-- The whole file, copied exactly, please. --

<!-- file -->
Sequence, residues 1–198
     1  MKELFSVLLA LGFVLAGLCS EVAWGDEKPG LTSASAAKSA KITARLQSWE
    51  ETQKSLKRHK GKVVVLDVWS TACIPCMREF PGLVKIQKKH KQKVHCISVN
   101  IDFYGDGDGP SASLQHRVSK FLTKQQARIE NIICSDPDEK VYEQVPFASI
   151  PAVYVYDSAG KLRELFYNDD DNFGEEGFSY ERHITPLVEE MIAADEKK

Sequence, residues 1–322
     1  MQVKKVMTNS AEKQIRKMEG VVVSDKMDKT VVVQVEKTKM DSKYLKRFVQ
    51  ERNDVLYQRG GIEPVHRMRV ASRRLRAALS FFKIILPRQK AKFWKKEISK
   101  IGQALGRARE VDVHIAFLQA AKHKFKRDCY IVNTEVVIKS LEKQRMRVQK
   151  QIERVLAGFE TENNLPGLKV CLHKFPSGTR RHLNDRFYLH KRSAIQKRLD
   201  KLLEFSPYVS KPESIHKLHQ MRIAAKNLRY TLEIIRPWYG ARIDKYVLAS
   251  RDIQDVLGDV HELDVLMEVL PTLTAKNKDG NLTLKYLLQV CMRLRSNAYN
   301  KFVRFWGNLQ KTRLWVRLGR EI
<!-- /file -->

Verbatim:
Sequence, residues 1–198
     1  MKELFSVLLA LGFVLAGLCS EVAWGDEKPG LTSASAAKSA KITARLQSWE
    51  ETQKSLKRHK GKVVVLDVWS TACIPCMREF PGLVKIQKKH KQKVHCISVN
   101  IDFYGDGDGP SASLQHRVSK FLTKQQARIE NIICSDPDEK VYEQVPFASI
   151  PAVYVYDSAG KLRELFYNDD DNFGEEGFSY ERHITPLVEE MIAADEKK

Sequence, residues 1–322
     1  MQVKKVMTNS AEKQIRKMEG VVVSDKMDKT VVVQVEKTKM DSKYLKRFVQ
    51  ERNDVLYQRG GIEPVHRMRV ASRRLRAALS FFKIILPRQK AKFWKKEISK
   101  IGQALGRARE VDVHIAFLQA AKHKFKRDCY IVNTEVVIKS LEKQRMRVQK
   151  QIERVLAGFE TENNLPGLKV CLHKFPSGTR RHLNDRFYLH KRSAIQKRLD
   201  KLLEFSPYVS KPESIHKLHQ MRIAAKNLRY TLEIIRPWYG ARIDKYVLAS
   251  RDIQDVLGDV HELDVLMEVL PTLTAKNKDG NLTLKYLLQV CMRLRSNAYN
   301  KFVRFWGNLQ KTRLWVRLGR EI